Inaugural Lecture - Center for Classical Theology - REGISTER
Skip to content
Credo April 2014 DeVine Slider

Who’s Afraid of Church Discipline? (Mark DeVine)

In the new issue of Credo Magazine, “Churchy Gimmicks: Has Evangelicalism Sold Its Soul to Consumerism?”, Mark DeVine has written an article titled, “Who’s Afraid of Church Discipline? Entering Forbidden Terrain In Order to Recover a Biblical Practice.” Mark DeVine is Associate Professor of Divinity at Beeson Divinity School. He joined the Beeson Divinity School faculty in 2008, and teaches church history and doctrine.

Here is the start of DeVine’s article to get you started:

Credo April 2014 Final Cover“One shouldn’t whip children too hard” or they might just “run away” and “hate [you].” Martin Luther’s advice to parents suggests dual convictions appropriate to the matter of church discipline; namely that occasions for spiritual “whippings” do arise and that real dangers of misuse, abuse, and excess attend those occasions. When the church tries to address the “troubles” of its members it often ends up with more trouble than it started with.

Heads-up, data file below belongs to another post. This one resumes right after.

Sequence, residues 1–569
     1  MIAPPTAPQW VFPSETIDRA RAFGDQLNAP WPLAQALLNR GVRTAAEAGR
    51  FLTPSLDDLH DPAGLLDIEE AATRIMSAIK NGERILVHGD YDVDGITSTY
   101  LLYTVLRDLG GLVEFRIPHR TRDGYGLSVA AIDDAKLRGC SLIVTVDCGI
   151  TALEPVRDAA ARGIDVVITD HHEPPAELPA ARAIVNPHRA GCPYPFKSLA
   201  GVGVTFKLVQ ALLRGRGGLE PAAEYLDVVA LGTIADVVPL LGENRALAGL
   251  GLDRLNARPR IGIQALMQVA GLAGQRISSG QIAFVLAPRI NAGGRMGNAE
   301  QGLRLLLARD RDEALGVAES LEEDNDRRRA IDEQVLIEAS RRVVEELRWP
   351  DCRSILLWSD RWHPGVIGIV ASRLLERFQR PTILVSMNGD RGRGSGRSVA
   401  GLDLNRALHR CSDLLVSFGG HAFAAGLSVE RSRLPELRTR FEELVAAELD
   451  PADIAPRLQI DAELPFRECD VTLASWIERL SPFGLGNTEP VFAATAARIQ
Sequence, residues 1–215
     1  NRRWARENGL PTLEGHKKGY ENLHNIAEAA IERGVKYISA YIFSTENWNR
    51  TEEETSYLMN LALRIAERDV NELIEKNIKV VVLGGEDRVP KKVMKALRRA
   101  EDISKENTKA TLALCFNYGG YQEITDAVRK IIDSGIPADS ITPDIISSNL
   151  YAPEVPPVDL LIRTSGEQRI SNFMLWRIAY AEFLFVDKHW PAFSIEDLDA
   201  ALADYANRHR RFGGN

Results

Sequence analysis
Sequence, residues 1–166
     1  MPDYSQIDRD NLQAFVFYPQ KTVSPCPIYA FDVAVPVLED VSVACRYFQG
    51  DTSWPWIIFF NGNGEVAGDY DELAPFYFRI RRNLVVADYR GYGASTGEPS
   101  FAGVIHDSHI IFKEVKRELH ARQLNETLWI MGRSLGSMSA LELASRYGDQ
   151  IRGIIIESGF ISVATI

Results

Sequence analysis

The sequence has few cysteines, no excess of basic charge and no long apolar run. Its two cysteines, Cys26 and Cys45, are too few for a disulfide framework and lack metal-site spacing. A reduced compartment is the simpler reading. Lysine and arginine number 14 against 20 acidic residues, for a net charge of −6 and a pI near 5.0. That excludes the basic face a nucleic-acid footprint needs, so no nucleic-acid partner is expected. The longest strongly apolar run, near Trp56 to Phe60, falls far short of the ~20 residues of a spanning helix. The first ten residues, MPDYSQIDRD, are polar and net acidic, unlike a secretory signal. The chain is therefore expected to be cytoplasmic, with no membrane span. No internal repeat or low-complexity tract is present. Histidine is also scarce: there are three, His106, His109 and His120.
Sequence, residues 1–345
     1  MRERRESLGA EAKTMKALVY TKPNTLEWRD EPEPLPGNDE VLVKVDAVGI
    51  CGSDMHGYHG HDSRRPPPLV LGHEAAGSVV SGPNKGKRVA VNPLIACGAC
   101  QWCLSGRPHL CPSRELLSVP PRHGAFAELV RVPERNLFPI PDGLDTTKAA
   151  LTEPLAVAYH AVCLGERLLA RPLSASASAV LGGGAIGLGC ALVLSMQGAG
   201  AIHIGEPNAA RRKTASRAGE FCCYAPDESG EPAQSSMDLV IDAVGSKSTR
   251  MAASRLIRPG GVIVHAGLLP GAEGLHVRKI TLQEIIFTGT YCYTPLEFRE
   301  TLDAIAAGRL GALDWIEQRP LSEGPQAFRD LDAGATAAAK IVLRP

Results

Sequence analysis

So who’s afraid of church discipline? Just about everybody, that’s who. And perhaps with good reason. In the rare instances in which church discipline is attempted, it tends to feel to those involved (offenders and even administrators) like a violation of Jesus’ words, “Judge not” in the Sermon on the Mount. Isn’t it amazing how quickly even the most biblically illiterate among us reflexively and confidently pull these two words of Jesus as if out of a holster the moment anyone, even their pastor, confronts them regarding their sins?

So why not just take Matthew 7:1 and run with it: admit that attempts to practice church discipline are archaic, outdated, unwelcome and unnecessary reminders of one of the most tragic and embarrassing chapters in the history of the church—the Spanish Inquisition! Because love will not let us, that’s why. Confronted with Matthew 18 and 1 Corinthians 5 and other clear and striking texts, we know that in church discipline, love for God, love for the gospel, love for the church, and love for one another are at stake.